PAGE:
In his application for asylum, Kaplun claimed that, as a Jewish refugee, he would be subjected to persecution and torture if he were removed to the Ukraine. In support of his claims, he procured an expert witness to give testimony on antiSemitism in the Ukraine. This expert gave detailed testimony on the situation and voiced disagreement with various Government reports on the extent of antiSemitism in that country. He also testified that Kaplun would be unable to gain citizenship, get a job, rent an apartment, or even buy a train ticket. It was his expert opinion that Kaplun would be living on the street, destitute, and would be targeted for extortion and torture.

In an April 2004 ruling, the IJ found Kaplun removable based on his prior convictions (though it was unclear which of the two convictions qualified), but granted withholding of removal and protection under the United Nations Convention Against Torture and Other Cruel, Inhuman or Degrading Treatment or Punishment ("CAT"), crediting the testimony of Kaplun's expert. Despite this, Kaplun appealed the part of the ruling that found him removable. The Government cross-appealed the part of the ruling granting withholding of removal.

Technically a CAT claim is a claim under the Foreign Affairs Reform and Restructuring Act, but we use the convention adopted in our Circuit and refer to it as a CAT claim. See Pierre v. Att'y Gen., 528 F.3d 180, 186 n. 5 (3d Cir. 2008) ( en banc).

C. The BIA's first ruling

The first ruling by the Board of Immigration Appeals was issued in November 2004. It held that the IJ erred in his removal findings by inadvertently relying on the wrong record of conviction, and it vacated the IJ decision and remanded for a determination of whether Kaplun was indeed removable as charged under either the 1997 or the 1998 conviction.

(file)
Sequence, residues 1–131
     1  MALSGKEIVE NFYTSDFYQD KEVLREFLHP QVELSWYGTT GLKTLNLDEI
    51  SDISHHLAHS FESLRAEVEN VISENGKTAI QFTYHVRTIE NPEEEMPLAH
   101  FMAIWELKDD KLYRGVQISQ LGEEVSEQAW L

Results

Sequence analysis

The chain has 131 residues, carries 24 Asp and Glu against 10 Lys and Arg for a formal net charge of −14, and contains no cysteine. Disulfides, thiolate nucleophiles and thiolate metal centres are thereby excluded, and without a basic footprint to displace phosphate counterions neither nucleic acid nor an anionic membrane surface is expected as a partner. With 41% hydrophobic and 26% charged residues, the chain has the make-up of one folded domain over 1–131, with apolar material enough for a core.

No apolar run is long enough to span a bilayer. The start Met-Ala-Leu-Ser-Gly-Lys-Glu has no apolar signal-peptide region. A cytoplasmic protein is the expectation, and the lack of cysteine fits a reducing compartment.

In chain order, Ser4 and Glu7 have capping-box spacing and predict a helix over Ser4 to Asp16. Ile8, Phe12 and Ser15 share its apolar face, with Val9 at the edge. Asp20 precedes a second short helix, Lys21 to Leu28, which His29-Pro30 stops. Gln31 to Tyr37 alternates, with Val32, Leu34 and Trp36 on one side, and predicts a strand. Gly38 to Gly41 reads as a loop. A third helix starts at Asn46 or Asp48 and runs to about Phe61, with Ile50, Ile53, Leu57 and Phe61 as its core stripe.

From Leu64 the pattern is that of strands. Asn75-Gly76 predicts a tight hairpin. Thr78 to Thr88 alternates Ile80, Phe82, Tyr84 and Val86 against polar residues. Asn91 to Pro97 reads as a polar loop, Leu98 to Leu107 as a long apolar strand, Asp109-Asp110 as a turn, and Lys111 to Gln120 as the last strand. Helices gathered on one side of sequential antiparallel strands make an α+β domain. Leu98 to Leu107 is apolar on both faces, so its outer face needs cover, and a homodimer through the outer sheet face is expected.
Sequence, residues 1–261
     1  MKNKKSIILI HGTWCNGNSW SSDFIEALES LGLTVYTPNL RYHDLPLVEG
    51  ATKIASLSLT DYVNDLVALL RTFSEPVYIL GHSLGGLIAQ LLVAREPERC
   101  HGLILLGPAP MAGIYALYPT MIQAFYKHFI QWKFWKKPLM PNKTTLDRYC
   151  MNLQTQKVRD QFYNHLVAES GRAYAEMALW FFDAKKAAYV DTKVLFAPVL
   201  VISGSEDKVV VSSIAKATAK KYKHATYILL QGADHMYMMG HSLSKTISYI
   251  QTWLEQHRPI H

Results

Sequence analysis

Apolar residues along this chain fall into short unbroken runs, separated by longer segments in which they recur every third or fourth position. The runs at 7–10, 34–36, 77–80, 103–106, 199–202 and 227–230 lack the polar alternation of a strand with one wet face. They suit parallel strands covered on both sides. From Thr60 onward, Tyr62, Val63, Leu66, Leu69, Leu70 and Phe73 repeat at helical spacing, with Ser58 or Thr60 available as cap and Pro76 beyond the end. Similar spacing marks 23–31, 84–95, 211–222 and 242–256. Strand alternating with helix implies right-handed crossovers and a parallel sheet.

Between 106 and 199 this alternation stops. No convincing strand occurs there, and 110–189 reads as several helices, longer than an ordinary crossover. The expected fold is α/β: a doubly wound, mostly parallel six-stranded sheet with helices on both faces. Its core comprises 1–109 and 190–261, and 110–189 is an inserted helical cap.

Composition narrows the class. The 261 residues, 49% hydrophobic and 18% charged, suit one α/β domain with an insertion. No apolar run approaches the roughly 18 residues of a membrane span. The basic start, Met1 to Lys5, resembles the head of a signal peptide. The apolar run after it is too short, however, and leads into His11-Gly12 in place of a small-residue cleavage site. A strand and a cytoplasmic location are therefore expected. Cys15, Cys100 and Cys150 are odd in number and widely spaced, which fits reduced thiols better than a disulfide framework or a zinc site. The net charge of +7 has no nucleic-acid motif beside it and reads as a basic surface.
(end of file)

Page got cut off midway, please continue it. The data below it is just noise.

D. The Immigration Judge responds

The IJ issued a second ruling in February 2006, in which he went through the removability charges in great detail. He concluded that the sole sustainable removal charge was the 1998 fraud conviction. The basis for this decision was Kaplun's conviction for an aggravated felony as defined in 8 U.S.C. § 1101(a)(43)(M)(i) ("an offense that . . . involves fraud or deceit in which the loss to the victim or victims exceeds $10,000"). The IJ then certified the case and sent the matter back to the BIA for resolution of the remaining issues on appeal — namely, removability and the prior grant of relief from removal under the CAT.

E. The BIA's second ruling

The BIA issued a second decision in August 2006. It addressed the following: (1) whether the removability charge was sustainable based on the 1998 conviction; (2) whether that 1998 conviction was a particularly serious crime rendering Kaplun statutorily ineligible for withholding of removal, or in the alternative whether Kaplun met his burden of proof of establishing eligibility for withholding of removal; and (3) whether the IJ erred in finding that Kaplun had met his burden of proving probability of torture under the CAT. The BIA concluded that Kaplun was removable on the basis of the 1998 conviction, that it was a "particularly serious crime" (thereby declining to address the alternative argument), and that the IJ erred in granting relief under the CAT. It thus ordered Kaplun removed to the Ukraine.

He filed a petition for review of the final order of removal in August 2006. We did not rule on the petition at that time.

F. The BIA issues a third ruling denying a motion to reopen

In November 2006, Kaplun filed a motion with the BIA to reopen his case based on our decision in Alaka v. Attorney General, 456 F.3d 88, 108 (3d Cir. 2006) (in determining a loss amount for 8 U.S.C. § 1101(a)(43)(M)(i), "we look only to the charges to which the petitioner pled guilty, and not to conduct that was neither admitted nor proven beyond a reasonable doubt"). In February 2007, the BIA denied the motion to reopen because it concluded that Alaka was factually distinguishable.